' eTreiO' ocrov elfju 6e&v KdpTia
el $ dye ireiprjcracrde, Oeoi, Iva eiBere

xpvcrelrjv ef ovpavoOev tcpe/JLacravres,
8' e^aTrreaOe Oeol Trdaai re Oeaiva
OVK av epvcair eg ovpavoOev Tre&iovSe
vTTarov prjcTTcop ', ouS' el fJLoka TroXXa


Victory of the Trojans by the help of Zetts.

Now saffron-kirtled morn o'er every land
Was spreading wide, when lightning-loving Zeus
A council of the gods together called
On many-ridged Olympus' topmost peak;
And spake himself, while all attentive heard:
" Hear every god, and every goddess hear !
That what my heart within my bosom bids
My voice may speak. Let now no power divine,
Nor goddess, no nor god, essay to thwart
This word of mine ; but all in one accord
Approve, that quickly I may work mine end.
And whomso separate from the gods I see
Taking his way with purpose to bear aid
To Trojans or to Danaans, he by blows
Unseemly to Olympus shall be driven.
Or I myself will take and cast him down
To murky Tartarus, far far away,
That lowest yawning pit beneath the ground,
Whose gates are iron, whose threshold brass, as deep
From Hades down as heaven from earth is high.
Then will he learn how far of all the gods
I strongest am. Or come, ye gods, and try,
That all may know. Hang down a golden cord
From heaven, and cling ye to it every god
And every goddess; yet ye would not pull
From heaven to earth the counsellor supreme
Great Zeus, no not though ye should toil amain.

314 IAIAA02

aX\' ore Brj Kal e<y<w Trpo^pcov e#eXot/zt epixraai,
avrfj Kev yalrj epvcraifj? avry Be OaXdvar}.
creiprjv [j,ev Kev eTreira Trepl piov OV\V/JLTTOLO
Bqo-alfjLTjv, TO, Be K avre fAerijopa Trdvra Devoir o.
rocrcrov eyw Trepl T' elpl Oewv Trepl T eip

ot S' apa TrdvTes d/crjv eyevovro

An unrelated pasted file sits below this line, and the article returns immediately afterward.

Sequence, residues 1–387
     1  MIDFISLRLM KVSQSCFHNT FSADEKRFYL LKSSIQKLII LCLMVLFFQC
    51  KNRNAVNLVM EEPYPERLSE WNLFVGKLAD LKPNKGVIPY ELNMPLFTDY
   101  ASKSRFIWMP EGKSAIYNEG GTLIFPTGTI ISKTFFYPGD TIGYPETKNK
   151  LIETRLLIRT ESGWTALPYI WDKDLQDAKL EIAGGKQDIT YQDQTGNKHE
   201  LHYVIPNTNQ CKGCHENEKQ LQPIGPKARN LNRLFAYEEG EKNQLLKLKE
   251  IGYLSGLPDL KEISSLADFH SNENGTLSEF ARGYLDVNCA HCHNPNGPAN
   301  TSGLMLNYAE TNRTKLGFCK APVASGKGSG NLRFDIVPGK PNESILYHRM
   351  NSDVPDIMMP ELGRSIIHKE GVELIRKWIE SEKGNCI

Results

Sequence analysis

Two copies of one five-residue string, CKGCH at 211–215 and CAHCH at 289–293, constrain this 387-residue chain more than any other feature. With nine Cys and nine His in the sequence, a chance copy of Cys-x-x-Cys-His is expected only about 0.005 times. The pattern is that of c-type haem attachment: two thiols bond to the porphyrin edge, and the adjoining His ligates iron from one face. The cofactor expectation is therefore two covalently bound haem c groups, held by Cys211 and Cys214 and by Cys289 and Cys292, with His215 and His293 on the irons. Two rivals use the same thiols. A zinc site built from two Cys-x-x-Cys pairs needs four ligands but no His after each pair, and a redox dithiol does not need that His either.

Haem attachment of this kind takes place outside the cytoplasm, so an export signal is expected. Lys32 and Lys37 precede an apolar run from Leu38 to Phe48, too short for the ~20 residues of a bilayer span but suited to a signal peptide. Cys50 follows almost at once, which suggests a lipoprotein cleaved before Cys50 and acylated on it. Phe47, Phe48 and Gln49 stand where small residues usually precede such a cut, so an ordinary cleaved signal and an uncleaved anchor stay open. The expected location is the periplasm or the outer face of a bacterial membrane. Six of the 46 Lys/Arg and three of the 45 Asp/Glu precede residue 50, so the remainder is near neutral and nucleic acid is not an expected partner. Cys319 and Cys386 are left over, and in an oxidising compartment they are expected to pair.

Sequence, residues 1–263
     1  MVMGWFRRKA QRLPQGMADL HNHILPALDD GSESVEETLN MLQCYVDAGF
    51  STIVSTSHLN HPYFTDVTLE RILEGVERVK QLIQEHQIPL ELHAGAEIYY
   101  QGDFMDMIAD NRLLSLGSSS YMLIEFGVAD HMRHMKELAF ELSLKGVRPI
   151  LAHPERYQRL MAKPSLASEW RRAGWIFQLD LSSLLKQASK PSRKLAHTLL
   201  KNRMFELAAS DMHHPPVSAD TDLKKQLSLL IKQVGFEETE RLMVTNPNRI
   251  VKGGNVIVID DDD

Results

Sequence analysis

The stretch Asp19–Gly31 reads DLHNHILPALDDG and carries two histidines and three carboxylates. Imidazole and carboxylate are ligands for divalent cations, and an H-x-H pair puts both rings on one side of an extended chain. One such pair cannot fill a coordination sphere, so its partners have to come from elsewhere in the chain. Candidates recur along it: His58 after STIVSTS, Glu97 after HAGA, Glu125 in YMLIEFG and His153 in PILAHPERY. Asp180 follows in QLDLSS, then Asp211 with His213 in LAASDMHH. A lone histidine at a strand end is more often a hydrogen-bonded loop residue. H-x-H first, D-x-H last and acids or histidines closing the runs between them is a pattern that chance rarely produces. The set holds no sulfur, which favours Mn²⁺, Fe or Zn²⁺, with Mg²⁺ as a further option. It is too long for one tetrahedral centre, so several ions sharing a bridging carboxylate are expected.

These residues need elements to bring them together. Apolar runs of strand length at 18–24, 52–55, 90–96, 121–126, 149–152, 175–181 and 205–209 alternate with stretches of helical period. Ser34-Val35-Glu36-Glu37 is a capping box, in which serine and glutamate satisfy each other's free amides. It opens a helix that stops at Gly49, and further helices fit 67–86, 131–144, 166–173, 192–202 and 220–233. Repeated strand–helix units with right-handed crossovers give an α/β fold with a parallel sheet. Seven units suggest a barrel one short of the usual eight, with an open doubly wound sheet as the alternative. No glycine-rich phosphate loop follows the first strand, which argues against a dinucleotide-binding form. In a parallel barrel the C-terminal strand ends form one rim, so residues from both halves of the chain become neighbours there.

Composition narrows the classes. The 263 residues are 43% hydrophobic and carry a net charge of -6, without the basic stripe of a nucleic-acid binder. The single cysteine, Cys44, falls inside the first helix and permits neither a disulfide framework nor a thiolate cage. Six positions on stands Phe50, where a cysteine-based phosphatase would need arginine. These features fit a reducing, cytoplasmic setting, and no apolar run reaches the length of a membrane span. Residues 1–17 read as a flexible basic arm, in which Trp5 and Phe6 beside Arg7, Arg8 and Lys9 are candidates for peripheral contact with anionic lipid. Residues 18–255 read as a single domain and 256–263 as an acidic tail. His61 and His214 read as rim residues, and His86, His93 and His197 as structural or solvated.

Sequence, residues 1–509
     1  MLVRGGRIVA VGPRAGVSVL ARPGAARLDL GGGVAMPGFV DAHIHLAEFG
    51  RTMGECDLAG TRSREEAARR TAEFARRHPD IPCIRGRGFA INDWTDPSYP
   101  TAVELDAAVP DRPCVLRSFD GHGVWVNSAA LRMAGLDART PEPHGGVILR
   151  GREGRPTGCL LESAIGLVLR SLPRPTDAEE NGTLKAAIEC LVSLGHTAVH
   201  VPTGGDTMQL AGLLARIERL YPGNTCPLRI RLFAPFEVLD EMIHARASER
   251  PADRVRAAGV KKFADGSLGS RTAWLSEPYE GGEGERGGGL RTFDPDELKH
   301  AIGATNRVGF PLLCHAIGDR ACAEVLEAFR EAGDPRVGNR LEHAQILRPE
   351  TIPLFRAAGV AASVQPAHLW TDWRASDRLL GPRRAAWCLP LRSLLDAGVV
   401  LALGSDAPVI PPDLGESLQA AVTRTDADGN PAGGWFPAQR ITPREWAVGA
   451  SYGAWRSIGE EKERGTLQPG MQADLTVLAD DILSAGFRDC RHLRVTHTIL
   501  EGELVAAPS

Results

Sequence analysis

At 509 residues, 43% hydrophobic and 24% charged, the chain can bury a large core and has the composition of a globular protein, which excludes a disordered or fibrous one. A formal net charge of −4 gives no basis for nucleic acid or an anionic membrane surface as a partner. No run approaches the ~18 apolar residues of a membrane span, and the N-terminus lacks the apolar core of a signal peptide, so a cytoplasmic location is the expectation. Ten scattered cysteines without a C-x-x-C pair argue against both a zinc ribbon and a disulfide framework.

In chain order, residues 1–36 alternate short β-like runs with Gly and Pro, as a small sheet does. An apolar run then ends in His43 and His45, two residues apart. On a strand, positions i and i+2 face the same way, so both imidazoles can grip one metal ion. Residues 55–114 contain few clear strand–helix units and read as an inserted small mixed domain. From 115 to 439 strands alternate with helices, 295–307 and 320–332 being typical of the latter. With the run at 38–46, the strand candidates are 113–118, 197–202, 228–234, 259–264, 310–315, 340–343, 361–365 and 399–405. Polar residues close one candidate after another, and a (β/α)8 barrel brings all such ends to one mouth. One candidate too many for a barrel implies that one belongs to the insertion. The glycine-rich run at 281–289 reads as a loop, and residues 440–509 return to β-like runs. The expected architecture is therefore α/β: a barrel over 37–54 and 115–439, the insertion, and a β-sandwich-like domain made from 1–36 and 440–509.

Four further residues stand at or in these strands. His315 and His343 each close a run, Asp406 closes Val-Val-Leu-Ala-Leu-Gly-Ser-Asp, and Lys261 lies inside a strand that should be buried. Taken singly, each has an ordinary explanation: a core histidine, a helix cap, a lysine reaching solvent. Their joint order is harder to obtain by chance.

/j,d\a <ydp Kparepws dyopevaev.

6-^re Be Sr) /jLereeiTre ded <y\avfcc!)Tri,s 'AOijvrj' 30

" w Trdrep ij/jberepe KpovlSr), vTrare
ev vv /col 7tet? iSjiev o TOL crOivos OVK

ot Kev Br) KCLKQV olrov dva,TT\r)(TavTe<s o\a>VTai.

aXV 77 rot, Tro\efj,ov fiev a0e^o/ie^' co? (TV KeXeveis, 35

/3ov\r)v S' 'ApYetot? VTro6rjo-6/jLed\ r) rt? ovijcrei,

ce)? //./) Traz/re? o\wvrai, oSva-aapevoio reoio"

rrjv S* eTTi/jLeiBrjaas Trpoa-e^rj ve^eK^epera
" Odpaei, Tpiroyeveia, (f)i\ov re/co?* ov vv rt,
Trpo<f)povi jJLvOeojjLai,, ede\oy Be rot, rjirios elvai," 40

xpvcreycriv edelpya-iv KOfj,6a)VT,
' auro? eBvve Trepl %pot, yevro B J l/j,d(rQ\r]v
ev'TVKTOv, eov S' eTrefiijaeTO Btypov,
fj,d(7TiJ;ev 8' e\dav' TW 8' OVK deKovre TreTedO^v 45

fjLeaarjyvs yalr]S re Kal ovpavov d&Tepoevros.
*lr)v S' i'Kavev Tro\VTrlBaKa, fj.rjTepa
Tdpyapov, ev6a re ol reyLtez/o? ySeoyLto? re
evO* ITTTTOVS effrrjae Trarrjp dvBpwv re Oewv re

ef 6%ea)v t Kara S* vepa TTOV\VV e%evev, 50

' ev KOpvtyfjo'i, KaOe^ero KvBel yalcov,


But I if I in turn with earnest will

Should choose to pull could haul you hitherwards

With earth and sea and all; then would I bind

The cord around Olympus' peak, that ye

And all attached should sway in middle air.

So far beyond or gods or man am I."

He spake : but they in silence all were mute,
In awe-struck wonder at his words, for he
Full strongly spake. At length amid their host